Wednesday, July 13, 2011
How to Run a Successful Lemonade Stand
So our Big Helper wanted to have a lemonade stand this summer. Her daddy used to set one up in his front yard all the time, and we both wanted to see her have some measure of success with this, but who can guarantee that? We ended up putting all of our heads together for the planning, and her stand far surpassed our expectations. While we're certainly not business geniuses, here are a few things that (I think) helped her along the way.
- Location, location, location! We live on a dead-end street, so setting up in our front yard would've brought in exactly zero customers. But at the end of our dead-end street is a fairly busy road that connects to the local hospital, the high school, and several doctors' offices. We set up the lemonade stand on that street.
- Advertise! Our Big Girl painted a large, bright sign to hang from the edges of her table. She used big letters and bright paint. She also prepped a message on Facebook to go out to all of my FB friends.
Also, unbeknownst to her, I was taking pictures of the entire process and posting them on FB the morning of - both so that our families could see how hard she was working and so that maybe some of our friends would stop by and support her efforts. People definitely commented on what she was doing, and several of my friends made it a point to stop by!
(I'm not saying that I go around hitting up my friends for money ... but if they are willing and able to buy a 50 cent cup of lemonade from my daughter to help her learn about economics .... I'm most appreciative. And of course I'll return the favor when they set up their doughnut stands. Just sayin'.)
- Be little. Maybe this goes without saying, but I don't think all of those kind people would've turned their cars around to buy lemonade from my husband. Or me. Or any other of-job-age-holding adult.
But for a kid, people went all out.
I know I'm biased - but honestly, who can resist those faces? It's only a few cents per person - but it adds up fast.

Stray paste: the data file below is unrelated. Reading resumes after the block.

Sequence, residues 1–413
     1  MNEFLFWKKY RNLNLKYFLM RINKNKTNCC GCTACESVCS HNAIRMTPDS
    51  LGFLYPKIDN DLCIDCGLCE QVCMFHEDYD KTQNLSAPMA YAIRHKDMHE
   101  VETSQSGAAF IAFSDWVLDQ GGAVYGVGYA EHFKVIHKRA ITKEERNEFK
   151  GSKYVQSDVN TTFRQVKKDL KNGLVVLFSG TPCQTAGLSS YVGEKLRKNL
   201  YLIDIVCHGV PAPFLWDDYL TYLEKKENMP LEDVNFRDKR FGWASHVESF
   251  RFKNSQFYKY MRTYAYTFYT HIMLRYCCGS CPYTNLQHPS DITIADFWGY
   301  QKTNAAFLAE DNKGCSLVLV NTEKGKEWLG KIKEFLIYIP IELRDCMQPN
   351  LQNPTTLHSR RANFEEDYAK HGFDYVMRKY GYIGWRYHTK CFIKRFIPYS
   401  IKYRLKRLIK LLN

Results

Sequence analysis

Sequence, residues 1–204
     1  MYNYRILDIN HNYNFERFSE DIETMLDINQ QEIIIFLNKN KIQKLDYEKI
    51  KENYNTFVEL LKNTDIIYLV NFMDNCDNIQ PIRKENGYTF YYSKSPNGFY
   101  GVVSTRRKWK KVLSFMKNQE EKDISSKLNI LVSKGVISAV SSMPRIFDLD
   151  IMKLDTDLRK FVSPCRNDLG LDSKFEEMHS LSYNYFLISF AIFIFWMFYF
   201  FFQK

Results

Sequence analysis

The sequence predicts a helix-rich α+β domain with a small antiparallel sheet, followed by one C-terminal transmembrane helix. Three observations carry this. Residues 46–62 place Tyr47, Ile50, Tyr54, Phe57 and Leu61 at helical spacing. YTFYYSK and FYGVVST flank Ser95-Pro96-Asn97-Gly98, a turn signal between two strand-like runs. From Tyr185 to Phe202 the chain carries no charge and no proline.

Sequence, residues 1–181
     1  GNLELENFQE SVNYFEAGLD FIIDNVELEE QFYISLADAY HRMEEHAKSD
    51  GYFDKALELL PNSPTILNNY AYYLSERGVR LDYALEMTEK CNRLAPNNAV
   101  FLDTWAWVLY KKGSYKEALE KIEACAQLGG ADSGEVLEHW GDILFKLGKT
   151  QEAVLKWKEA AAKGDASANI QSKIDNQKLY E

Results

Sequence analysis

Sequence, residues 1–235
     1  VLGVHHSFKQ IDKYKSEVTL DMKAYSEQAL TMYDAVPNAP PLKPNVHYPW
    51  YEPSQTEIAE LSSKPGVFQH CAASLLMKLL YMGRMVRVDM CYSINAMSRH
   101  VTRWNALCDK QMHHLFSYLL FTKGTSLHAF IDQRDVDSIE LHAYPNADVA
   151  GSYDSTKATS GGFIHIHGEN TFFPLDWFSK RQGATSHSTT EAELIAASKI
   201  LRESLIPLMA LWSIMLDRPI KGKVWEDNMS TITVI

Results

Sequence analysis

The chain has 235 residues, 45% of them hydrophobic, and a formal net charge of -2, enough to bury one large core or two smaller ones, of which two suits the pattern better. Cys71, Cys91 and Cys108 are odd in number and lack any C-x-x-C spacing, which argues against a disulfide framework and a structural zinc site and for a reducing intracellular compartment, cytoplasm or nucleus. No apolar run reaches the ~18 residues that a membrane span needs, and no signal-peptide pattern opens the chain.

- Sell something to eat. The cupcakes sold out in about 40 minutes - if that.
I wasn't expecting that, but people shared their rationale. They couldn't hold an open cup of lemonade in their car, but they could wrap up a cupcake (my Big Girl insisted on providing napkins for just such an emergency) and they sincerely wanted to support her. This way they could.
Others reminisced about how long it had been since they'd had a cupcake. One construction worker tipped quite generously in his excitement over seeing them for sale.
A cup of lemonade and a snack make a nice, round cost per person - only $1! - for a snack and drink.
And for those of us female types ... who can resist chocolate??
- Be excited! My Big Helper was very excited about her lemonade stand, but her bubbly personality doesn't bubble over until she knows you a bit - which presents a problem when greeting unknown customers.
Enter: The exciteable, older neighbor boys.
These two guys are a few years older than our children, and they are good kids. They were eager to sample her cupcakes and then stayed to hang out and help.
They convinced her to sit in her princessy chair and wave at oncoming cars ...
and eagerly rode their scooters home to make more signs for her stand. They said things like, "Honk if you are thirsty" and they jumped up and down and waved near her stand.
THEIR enthusiasm made us all laugh - and kept everyone's energy level high as we sweated in the heat.
Oh - and the lemonade clerk got lots of honks and hand waves after that!
- Watch the weather. We wanted to set up on July 4th before the fireworks, but it poured something awful. Instead, we set up during this very hot and humid afternoon, and many people stopped by.
I'm sure that even my cute, enthusiastic daughter couldn't have sold hot chocolate on such a day, though - the weather was perfectly suited for icy lemonade. So match your product to the event, the season, and the weather.
- End well. When we had packed up our belongings and returned home, my husband sat down with our kidpreneur. They counted out the money from her cash register and returned her starting change to her piggy bank. Then they worked to disperse the money as is proper.
First, she took out her tithe to take to church the next day.
Next, she chose an amount to pay her brother for his help.
Then she set an amount to add to her savings account for educational use someday.
Finally, she took the profit that was left over - still a very large percentage - and added it to her Disney fund. She's going to have quite the pocket money for mouse ears if she keeps this up!
Has your child run their own lemonade stand or similar business? What steps did s/he take to make it a success??